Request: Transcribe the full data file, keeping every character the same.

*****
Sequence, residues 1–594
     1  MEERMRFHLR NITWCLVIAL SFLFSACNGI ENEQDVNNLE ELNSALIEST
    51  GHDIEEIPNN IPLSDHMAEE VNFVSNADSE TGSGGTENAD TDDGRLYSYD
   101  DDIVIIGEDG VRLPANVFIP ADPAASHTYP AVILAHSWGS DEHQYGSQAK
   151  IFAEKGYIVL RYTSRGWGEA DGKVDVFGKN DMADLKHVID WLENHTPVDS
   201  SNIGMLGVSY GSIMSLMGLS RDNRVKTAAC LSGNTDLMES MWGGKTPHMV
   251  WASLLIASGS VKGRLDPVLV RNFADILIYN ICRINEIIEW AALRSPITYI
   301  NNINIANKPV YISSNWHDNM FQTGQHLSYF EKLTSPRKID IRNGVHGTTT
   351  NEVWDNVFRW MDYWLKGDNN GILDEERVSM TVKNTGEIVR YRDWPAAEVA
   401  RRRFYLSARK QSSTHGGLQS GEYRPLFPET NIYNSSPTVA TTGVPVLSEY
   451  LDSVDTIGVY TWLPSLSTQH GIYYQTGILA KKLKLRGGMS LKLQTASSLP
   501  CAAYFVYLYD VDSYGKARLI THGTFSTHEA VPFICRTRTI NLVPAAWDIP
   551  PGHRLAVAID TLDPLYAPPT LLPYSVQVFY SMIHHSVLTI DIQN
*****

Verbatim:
Sequence, residues 1–594
     1  MEERMRFHLR NITWCLVIAL SFLFSACNGI ENEQDVNNLE ELNSALIEST
    51  GHDIEEIPNN IPLSDHMAEE VNFVSNADSE TGSGGTENAD TDDGRLYSYD
   101  DDIVIIGEDG VRLPANVFIP ADPAASHTYP AVILAHSWGS DEHQYGSQAK
   151  IFAEKGYIVL RYTSRGWGEA DGKVDVFGKN DMADLKHVID WLENHTPVDS
   201  SNIGMLGVSY GSIMSLMGLS RDNRVKTAAC LSGNTDLMES MWGGKTPHMV
   251  WASLLIASGS VKGRLDPVLV RNFADILIYN ICRINEIIEW AALRSPITYI
   301  NNINIANKPV YISSNWHDNM FQTGQHLSYF EKLTSPRKID IRNGVHGTTT
   351  NEVWDNVFRW MDYWLKGDNN GILDEERVSM TVKNTGEIVR YRDWPAAEVA
   401  RRRFYLSARK QSSTHGGLQS GEYRPLFPET NIYNSSPTVA TTGVPVLSEY
   451  LDSVDTIGVY TWLPSLSTQH GIYYQTGILA KKLKLRGGMS LKLQTASSLP
   501  CAAYFVYLYD VDSYGKARLI THGTFSTHEA VPFICRTRTI NLVPAAWDIP
   551  PGHRLAVAID TLDPLYAPPT LLPYSVQVFY SMIHHSVLTI DIQN